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Mark Urtel, Sara F. Michaliszyn, and Craig Stiemsma

Internships in higher education are not a new practice. In fact, it is generally noted that the first formal internship program occurred in 1889 at Johns Hopkins Medical School ( Wentz & Ford, 1984 ). Prior to this, medical school faculty were developing ways for medical “apprentices” to acquire

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Molly Hayes Sauder and Michael Mudrick

sport; in some studies, employers have rated it as the most important aspect of a curriculum ( Petersen & Pierce, 2009 ; Stier & Schneider, 2000 ). Similarly, research on the perceptions of sport management graduates found that one form of experiential learning, the internship, was the most relevant

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Michael A. Odio, Patty Raube Keller, and Dana Drew Shaw

Sport management has joined other disciplines in embracing internships as a method of having students connect their classroom knowledge with practical experience ( Eagleman & McNary, 2010 ; Sattler, 2018 ). While evidence supporting the educational and career-related benefits of internships

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Jessica L. Kutz, Melissa Bopp, and Lori A. Gravish Hurtack

stated that “half of medically-minded students are taking at least one gap year” ( Gura, 2013 , para. 3). Universities need to embrace this cohort of individuals by exploring ways to better understand what we as educators can deliver in terms of initiatives, internship opportunities, and academic

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Nefertiti A. Walker, Kwame J.A. Agyemang, Marvin Washington, Lauren C. Hindman, and Jeffrey MacCharles

, Hadani et al. ( 2012 ) conducted a study on hiring practices of university academic departments, finding that, although merit-based criteria were relevant, an academic’s network was especially significant to them getting a job. More recently, discussion has centered on unpaid internships (including the

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Cole McClean, Michael A. Odio, and Shannon Kerwin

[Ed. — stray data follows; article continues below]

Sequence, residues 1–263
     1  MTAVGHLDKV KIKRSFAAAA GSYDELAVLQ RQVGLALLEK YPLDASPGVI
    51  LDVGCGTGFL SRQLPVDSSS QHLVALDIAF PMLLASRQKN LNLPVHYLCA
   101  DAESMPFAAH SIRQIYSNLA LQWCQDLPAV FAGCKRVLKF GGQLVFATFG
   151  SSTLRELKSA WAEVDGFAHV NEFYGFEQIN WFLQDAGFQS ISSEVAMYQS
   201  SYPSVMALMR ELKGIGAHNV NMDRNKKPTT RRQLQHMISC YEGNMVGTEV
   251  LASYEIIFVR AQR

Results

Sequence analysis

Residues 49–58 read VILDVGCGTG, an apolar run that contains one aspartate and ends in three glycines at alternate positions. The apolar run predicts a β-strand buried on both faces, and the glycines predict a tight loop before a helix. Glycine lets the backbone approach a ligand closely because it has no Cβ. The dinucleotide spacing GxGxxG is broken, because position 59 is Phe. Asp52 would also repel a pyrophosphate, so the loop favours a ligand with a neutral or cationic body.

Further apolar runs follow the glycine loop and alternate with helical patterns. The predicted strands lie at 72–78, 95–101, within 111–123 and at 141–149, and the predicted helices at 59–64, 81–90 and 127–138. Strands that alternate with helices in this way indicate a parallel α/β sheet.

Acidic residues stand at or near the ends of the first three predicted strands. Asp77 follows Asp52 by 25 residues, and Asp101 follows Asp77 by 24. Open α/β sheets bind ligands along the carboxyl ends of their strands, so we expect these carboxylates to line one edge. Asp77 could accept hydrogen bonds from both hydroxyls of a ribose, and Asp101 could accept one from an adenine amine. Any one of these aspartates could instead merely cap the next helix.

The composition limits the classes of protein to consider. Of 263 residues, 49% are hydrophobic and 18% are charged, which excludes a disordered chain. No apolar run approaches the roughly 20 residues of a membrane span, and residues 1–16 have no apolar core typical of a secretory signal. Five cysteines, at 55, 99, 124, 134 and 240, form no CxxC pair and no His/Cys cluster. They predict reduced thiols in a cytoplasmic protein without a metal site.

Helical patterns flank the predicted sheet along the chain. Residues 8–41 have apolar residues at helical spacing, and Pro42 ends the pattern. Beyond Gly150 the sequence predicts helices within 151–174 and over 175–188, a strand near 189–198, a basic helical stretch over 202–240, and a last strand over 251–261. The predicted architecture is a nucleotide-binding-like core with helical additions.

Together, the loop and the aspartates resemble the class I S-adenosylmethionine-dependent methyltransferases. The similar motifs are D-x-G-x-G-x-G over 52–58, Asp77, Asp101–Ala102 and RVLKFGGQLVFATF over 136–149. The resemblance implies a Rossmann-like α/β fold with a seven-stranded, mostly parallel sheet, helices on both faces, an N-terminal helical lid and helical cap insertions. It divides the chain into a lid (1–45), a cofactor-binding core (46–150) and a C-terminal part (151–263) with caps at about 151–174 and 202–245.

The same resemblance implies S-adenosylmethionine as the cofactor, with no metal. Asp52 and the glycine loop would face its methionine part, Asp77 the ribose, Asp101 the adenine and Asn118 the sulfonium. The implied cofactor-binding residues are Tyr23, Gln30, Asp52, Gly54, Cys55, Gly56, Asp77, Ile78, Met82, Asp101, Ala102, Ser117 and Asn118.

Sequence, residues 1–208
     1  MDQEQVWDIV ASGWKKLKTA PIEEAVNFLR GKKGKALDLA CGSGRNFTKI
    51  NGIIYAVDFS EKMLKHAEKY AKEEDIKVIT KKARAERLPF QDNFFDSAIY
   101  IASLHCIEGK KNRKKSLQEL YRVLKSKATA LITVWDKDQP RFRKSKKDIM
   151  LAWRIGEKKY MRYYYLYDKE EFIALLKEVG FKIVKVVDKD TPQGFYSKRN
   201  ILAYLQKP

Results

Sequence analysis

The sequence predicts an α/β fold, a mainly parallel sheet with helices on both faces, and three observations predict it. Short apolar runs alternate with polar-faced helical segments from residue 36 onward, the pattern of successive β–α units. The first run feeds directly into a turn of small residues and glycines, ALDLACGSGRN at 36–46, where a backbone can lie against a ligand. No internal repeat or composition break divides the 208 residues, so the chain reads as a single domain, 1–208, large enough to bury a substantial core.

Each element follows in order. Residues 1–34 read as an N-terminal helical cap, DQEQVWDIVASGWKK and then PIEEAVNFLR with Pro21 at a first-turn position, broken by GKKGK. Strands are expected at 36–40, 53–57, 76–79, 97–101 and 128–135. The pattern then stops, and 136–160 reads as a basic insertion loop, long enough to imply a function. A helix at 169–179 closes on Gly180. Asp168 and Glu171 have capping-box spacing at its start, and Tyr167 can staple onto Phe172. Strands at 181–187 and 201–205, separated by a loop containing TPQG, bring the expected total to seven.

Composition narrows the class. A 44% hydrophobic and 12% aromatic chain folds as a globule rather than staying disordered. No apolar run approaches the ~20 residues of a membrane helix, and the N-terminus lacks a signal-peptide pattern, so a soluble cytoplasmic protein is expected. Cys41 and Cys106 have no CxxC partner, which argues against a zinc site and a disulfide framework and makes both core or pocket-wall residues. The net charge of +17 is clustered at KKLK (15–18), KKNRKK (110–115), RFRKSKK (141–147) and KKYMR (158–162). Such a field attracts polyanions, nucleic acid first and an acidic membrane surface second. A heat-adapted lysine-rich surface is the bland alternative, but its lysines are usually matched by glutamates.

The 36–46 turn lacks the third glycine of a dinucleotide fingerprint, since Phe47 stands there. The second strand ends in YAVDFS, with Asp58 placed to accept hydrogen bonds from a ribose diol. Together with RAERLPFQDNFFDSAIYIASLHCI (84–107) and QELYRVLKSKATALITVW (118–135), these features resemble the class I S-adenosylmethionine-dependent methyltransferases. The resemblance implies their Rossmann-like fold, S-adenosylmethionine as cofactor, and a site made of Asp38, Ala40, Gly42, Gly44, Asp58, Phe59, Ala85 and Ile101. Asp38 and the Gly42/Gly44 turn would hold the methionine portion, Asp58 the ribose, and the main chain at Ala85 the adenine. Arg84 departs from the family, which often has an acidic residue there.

Internships in the academic context, alternatively viewed as “supervised work experiences,” allow students an opportunity to apply classroom learning, develop skills, continue building a professional network, and potentially act as an entry point to a chosen industry ( McMahon & Quinn, 1995 ; O

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Michael A. Odio, Joshua R. Pate, and Thomas J. Aicher

The senior-level undergraduate capstone internship with sport management programs is often strategically placed as a requirement in the last semester of study to act as a bridge between school and work. The goals of an internship tend to straddle educational and career-related outcomes ( Sauder et

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Liz Sattler and Rebecca Achen

An internship is often considered the culminating experience of students’ academic progress and the link that connects them to their future career in the sport industry. Foster and Dollar ( 2017 ) classified a sport management internship as a full-time work experience to be completed after all

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Robin Hardin, Elizabeth A. Taylor, and Emily Sleadd

Internships and experiential learning were a key component in the early development of sport management curricula, and this emphasis has continued during the past 4 decades ( Eagleman & McNary, 2010 ; Foster & Dollar, 2010 ; Hayes Sauder & Mudrick, 2018 ). Internships are opportunities for

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Melissa Pangelinan, Marc Norcross, Megan MacDonald, Mary Rudisill, Danielle Wadsworth, and James McDonald

Experiential learning via internships, practicums, and research provides undergraduate students with rich opportunities to enhance their knowledge of core concepts in kinesiology. Moreover, these types of experiences increase job-related skills (e.g., leadership development, critical thinking